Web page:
In response to pressure from the outside world, humans develop emotional and physical strain or stress. Signs of stress include tension, irritability, inability to concentrate, and a variety of physical symptoms that include headache and a fast heartbeat.
When stress was first studied in the 1950s, the term was used to denote both the causes and the experienced effects of these pressures. More recently, however, the word stressor has been used for the stimulus that provokes a stress response.
 Results from interactions
Stress in humans results from interactions between persons and their environment that are perceived as straining or exceeding their adaptive capacities and threatening their well-being. The element of ‘perception’ is important and indicates that human stress responses reflect differences in personality, as well as differences in physical strength or general health.
In small doses, stressors can help give us increased energy and alertness, even helping to keep us focused on the problem at hand. This type of stress is good. People may refer to the experience of this type of stress as feeling "pumped" or "wired."
As the level of pressure gets too great, stress eventually surpasses our ability to cope with it in a positive way. Often, people describe themselves as being stressed out, burned out, or at wits end. At this point, it is important to find positive and productive ways to deal with the stress and, more importantly, to address the person or situation that is causing the stress.
Everyone reacts to stress differently. Each of us has a different level of pressure and anxiety that we can handle without a bad outcome. Only you can assess your level of tolerance to stressful situations. The best treatment for stress is to prevent getting into situations that are likely to overwhelm your ability to cope. This is not always possible because the stressors may often come from outside sources that are beyond your control
 Causes and symptoms
The causes of stress can include any event or occurrence that a person considers a threat to his or her coping strategies or resources. Researchers generally agree that a certain degree of stress is a normal part of a living organism's response to the inevitable changes in its physical or social environment, and that positive, as well as negative, events can generate stress as well as negative occurrences. Stress-related disease, however, results from excessive and prolonged demands on an organism's coping resources.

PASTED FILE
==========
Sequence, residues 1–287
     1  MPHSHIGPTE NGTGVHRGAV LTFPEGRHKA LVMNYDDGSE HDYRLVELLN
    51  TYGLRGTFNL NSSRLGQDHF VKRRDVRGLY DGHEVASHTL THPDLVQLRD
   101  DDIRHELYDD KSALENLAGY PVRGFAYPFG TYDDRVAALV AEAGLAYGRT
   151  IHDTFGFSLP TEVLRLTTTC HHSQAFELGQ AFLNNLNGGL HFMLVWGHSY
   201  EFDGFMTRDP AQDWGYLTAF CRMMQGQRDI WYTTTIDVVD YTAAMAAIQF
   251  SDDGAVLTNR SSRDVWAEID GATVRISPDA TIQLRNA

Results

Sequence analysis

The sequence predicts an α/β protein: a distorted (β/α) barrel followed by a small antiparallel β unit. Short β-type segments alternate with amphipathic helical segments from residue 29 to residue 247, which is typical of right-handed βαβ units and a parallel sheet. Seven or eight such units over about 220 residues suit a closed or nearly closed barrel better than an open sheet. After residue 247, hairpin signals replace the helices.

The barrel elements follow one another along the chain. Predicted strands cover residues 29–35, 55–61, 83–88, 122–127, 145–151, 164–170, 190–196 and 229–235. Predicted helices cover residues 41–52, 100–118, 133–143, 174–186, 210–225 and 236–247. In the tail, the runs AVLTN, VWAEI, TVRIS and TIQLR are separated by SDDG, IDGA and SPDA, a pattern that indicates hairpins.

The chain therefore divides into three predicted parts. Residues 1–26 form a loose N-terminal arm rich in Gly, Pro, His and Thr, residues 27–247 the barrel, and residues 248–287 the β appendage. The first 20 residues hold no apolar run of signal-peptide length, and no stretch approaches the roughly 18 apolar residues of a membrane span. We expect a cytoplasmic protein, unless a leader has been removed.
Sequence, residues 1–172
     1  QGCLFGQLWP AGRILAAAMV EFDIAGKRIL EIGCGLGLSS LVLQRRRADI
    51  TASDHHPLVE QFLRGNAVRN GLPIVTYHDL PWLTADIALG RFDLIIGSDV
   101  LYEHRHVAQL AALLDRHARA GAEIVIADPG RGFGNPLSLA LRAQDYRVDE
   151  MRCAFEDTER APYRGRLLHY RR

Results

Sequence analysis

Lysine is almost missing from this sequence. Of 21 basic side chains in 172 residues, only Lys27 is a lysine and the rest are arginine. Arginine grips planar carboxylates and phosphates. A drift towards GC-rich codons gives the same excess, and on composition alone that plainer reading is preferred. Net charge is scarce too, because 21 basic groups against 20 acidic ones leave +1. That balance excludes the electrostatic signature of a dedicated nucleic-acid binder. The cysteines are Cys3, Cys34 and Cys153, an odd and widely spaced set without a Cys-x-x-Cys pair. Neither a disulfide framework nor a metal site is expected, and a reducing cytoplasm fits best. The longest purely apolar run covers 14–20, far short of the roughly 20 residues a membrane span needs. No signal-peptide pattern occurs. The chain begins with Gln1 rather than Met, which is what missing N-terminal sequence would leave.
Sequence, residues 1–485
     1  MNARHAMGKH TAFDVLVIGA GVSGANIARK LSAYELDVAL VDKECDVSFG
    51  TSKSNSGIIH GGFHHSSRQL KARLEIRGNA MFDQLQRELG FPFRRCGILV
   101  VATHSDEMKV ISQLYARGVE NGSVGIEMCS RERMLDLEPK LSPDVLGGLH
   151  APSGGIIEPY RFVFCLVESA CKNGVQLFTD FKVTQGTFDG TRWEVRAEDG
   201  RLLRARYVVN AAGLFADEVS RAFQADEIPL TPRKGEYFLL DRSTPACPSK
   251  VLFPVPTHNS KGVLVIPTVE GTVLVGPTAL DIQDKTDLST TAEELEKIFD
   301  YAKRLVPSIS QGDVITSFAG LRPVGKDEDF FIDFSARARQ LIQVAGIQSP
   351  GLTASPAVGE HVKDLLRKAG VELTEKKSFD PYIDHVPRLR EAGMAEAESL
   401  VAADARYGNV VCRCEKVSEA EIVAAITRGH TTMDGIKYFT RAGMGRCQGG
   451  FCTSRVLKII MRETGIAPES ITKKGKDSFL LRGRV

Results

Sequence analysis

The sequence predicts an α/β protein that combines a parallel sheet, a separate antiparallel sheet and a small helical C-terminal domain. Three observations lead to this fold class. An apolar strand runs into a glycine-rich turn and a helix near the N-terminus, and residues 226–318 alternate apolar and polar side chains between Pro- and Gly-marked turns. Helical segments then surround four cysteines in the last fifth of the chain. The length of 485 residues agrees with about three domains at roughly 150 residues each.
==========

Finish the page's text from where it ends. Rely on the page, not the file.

Stress results in both mental and physical symptoms. The effects of stress are different for different people. The mental symptoms of stress include tension, irritability, inability to concentrate, feeling excessively tired and trouble in sleeping. The physical symptoms of stress include dry mouth, a pounding heart, difficulty in breathing, stomach upset, frequent urination, sweating palms and tightning muscles that may cause pain and trembling. While dealing with stress, people may turn to unhealthy behaviors such as overeating and smoking for relief and avoiding exercise, which in turn leads to increased health problems that ultimately make stress worse. The response to stress differs between men and women. Women under stress feel nervous, want to cry or experience a lack of energy, while men have trouble sleeping and feel angry.
Stress-related emotional illness results from inadequate or inappropriate responses to major changes in one's life situation, such as marriage, completing one's education, becoming a parent, losing a job, or retirement. Psychiatrists sometimes use the term adjustment disorder to describe this type of illness. In the workplace, stress-related illness often takes the form of burnout – a loss of interest in or ability to perform one's job due to long-term high stress levels.
 Risk factors
The risk factors for stress-related illnesses are a mix of personal, interpersonal, and social variables. These factors include lack or loss of control over one's physical environment, and lack or loss of social support networks. People who are dependent on others (e.g., children or the elderly) or who are socially disadvantaged (because of race, gender, educational level, or similar factors) are at greater risk of developing stress-related illnesses. Other risk factors include feelings of helplessness, hopelessness, extreme fear or anger, and cynicism or distrust of others.
 Managing and Treating Stress
To manage stress, the person needs identify the warning signs of stress. He needs to learn how stress is affecting his or her mind and body and realize when to seek professional help.
To cut stress, a person should take up exercising at least three times a week; eat fresh fruits and drink plenty of water; meditate; take small breaks in work; take deep breaths and look at nature – green grass, flowers etc; devote 15 minutes to half and hour to a non-useful but restful and entertaining activity; pamper yourself; have more sex as the physical and mental benefits are numerous; be less critical and more forgiving to oneself; accept situations which you have no control over; and finally prioritise ones work and delegate.
- The role of stress in health & illness